For Educators

Massachusetts statistics say 10% of high school students try to control their weight by fasting, vomiting or using laxatives.

11% of high school students are diagnosed with an eating disorder at some point in their high school career (ANAD, 2014), and every 62 minutes at least one person dies as a direct result from an eating disorder (Eating Disorders Coalition, 2016). School staff are often the first to notice the all-important signs of a child or adolescent struggling with an eating disorder. On average, one teacher reaches 30 children a day. With your help, we can reach & support thousands of Massachusetts children facing eating disorder challenges.

In order to help schools learn to better identify and support students struggling with disordered eating or exercise, MEDA has developed The Sooner the Better initiative for educators. The purpose of this educational program is to train school faculty on identifying eating disorders and appropriate early interventions. Research has proven that the earlier a student receives treatment, the better the chances of full recovery.

For more information on how to schedule our training at your school, please contact MEDA at education@medainc.org or 617-558-1881.

For Physicians & Nurses

“Good physicians treat the disease. Great ones treat the patient.”

Every 62 minutes at least one person dies as a direct result from an eating disorder (Eating Disorders Coalition, 2016). However, eating disorders can be successfully treated with appropriate interventions, yet only one-third of persons with eating disorders receive the best possible care. On average, one Primary Care Physician sees 25-30 patients a day. With your help, we can reach & support thousands of Massachusetts youth facing eating disorder challenges.

By educating your staff through MEDA’s The Sooner the Better initiative, you can ensure that your patients are receiving the care they need. Email MEDA at education@medainc.org to schedule an in-office presentation to train your staff on best practices for identifying eating disorders, working with weight stigma, and referring clients for eating disorder treatment

Or call MEDA at 617-558-1881 if you have a patient who is exhibiting signs of an eating disorder or a parent who is concerned about their child.

For a printable version of this mailer, click here.

For Residence Directors & Assistants

“Educate Yourself. Empower Your Residents.”

In a recent national survey of college students, 20% of respondents said they suspected that they had suffered from an eating disorder at some point in their lives. At MEDA, we specialize in helping those affected by eating disorders. We offer assessments, support groups, skill sessions and parent-family services. On average, one Resident Director oversees 10-15 Resident Advisors who guide 40-60 students per hall.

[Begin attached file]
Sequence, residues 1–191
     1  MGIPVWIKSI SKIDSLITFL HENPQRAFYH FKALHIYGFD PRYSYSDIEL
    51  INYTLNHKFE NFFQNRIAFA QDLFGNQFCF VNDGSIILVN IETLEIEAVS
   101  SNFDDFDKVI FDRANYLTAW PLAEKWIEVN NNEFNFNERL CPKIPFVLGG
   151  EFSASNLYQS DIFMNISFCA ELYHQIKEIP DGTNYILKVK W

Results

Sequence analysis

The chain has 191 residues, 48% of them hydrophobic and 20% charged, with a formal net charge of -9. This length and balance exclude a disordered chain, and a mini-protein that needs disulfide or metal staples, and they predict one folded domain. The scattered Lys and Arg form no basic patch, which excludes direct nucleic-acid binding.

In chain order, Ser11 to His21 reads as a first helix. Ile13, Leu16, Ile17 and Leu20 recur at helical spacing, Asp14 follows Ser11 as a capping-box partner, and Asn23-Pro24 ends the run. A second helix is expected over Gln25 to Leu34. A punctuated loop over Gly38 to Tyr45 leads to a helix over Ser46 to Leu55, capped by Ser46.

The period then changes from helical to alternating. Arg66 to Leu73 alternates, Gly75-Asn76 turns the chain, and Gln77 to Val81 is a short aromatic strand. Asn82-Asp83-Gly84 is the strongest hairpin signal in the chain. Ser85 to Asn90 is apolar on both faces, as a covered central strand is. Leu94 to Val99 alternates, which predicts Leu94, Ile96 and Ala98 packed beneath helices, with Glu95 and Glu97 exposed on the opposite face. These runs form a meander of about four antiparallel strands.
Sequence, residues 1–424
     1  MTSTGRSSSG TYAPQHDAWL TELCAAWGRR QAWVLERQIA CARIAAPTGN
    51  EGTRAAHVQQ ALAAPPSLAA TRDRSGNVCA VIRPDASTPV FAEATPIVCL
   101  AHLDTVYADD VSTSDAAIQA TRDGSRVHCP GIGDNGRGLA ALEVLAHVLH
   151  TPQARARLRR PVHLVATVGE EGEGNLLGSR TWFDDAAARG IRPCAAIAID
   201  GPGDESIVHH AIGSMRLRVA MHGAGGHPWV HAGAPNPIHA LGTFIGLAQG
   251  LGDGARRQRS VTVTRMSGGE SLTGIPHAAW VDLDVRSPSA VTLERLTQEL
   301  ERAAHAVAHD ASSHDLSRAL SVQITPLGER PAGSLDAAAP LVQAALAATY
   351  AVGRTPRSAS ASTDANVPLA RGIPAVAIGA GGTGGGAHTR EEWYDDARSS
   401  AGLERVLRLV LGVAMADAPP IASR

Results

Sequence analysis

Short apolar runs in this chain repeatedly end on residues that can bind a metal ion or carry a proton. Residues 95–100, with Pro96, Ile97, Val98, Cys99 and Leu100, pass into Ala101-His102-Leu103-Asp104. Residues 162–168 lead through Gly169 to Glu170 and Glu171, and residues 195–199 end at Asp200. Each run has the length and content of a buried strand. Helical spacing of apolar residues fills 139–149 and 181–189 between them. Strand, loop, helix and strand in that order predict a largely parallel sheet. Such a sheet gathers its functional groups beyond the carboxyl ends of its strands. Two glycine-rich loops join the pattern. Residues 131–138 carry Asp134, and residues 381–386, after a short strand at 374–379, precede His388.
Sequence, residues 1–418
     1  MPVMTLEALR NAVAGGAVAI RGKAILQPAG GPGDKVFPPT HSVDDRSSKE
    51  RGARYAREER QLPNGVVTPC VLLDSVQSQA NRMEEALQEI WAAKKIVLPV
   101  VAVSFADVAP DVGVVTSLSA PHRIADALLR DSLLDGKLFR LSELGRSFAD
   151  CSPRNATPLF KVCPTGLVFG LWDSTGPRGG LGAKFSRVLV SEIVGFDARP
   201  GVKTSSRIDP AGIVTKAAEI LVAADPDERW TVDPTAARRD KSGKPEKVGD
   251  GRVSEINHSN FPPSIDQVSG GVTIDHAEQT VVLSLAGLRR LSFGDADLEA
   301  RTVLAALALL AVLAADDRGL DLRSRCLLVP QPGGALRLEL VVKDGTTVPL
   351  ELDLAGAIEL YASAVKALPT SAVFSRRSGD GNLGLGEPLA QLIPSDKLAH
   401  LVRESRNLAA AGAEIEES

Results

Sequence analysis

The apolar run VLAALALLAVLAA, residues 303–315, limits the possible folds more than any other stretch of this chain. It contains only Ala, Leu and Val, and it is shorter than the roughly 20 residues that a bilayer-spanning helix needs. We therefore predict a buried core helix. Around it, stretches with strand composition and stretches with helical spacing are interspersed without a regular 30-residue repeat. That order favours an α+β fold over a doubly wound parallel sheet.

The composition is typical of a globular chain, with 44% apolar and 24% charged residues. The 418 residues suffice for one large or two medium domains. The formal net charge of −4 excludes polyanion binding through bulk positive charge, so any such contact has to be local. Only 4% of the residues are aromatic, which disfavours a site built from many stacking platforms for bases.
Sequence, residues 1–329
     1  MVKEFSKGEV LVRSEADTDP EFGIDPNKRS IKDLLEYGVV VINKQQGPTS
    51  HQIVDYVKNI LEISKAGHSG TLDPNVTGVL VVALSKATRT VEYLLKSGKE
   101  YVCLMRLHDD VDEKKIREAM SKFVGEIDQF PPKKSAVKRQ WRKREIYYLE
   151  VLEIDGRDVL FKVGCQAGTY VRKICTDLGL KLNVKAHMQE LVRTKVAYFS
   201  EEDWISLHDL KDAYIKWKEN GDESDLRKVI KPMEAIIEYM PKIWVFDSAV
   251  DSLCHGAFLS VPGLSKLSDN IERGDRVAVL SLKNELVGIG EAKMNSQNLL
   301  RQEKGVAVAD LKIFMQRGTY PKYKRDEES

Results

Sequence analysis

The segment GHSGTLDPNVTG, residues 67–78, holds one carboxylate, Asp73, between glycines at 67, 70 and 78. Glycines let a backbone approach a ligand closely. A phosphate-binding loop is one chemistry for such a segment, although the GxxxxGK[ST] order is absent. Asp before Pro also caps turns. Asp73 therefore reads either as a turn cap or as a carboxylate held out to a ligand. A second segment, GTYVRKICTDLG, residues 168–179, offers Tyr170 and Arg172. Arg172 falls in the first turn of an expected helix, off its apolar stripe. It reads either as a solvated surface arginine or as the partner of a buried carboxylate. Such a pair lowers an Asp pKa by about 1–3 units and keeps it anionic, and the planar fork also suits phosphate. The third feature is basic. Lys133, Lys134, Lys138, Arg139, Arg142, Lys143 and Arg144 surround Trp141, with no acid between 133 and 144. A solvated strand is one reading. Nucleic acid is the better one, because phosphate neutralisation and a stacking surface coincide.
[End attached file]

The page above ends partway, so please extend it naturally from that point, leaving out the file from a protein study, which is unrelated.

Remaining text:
Boston is home to 35 colleges, universities, and community colleges — there are about 152,000 students at Boston’s institutions of higher learning. If 20% of college students report suffering from an eating disorder at some point in their lives, that means 30,400 students have been touched by an eating disorder in Boston alone.

With your help, we can reach & support thousands of Massachusetts students facing eating disorder challenges. Resident Assistants and Residence Hall Directors are often the first university contacts to be made aware of a student struggling with an eating disorder.

In order to help RAs learn how to better identify and support students struggling with disordered eating or exercise, MEDA has developed The Sooner the Better initiative for Residence Directors and RAs. The purpose of this educational program is to train RAs and university residence faculty on identifying eating disorders and appropriate early interventions. Research has proven that the earlier a student receives treatment, the better the chances of full recovery.

For more information on how to schedule a training at your school, please contact MEDA at education@medainc.org or 617-558-1881.

For Parents and Guardians

“The Sooner the Better.”

Self-esteem and body image problems can lead to serious health problems in our children.  Although it is important for all of us to eat healthily and exercise regularly, many of our children have unrealistic expectations about how they should look. When faced with conflicting societal pressures many children come to believe they are overweight and unattractive, regardless of their body size. Unfortunately, the shame these children feel is often reinforced by their peers as well.

Children between the ages of nine and fourteen are in particularly vulnerable. This is a pivotal time for promoting a positive sense of self and body confidence. It is also critical that parents understand that issues relating to food and body image are generally illustrative of some kind of emotional distress. Helping your child talk about feelings will help foster a positive relationship with their body.

Click here for downloadable versions of the flyers.

If you are concerned about your child’s body image or eating habits, it is important to speak with a professional. Contact us, we are here to help.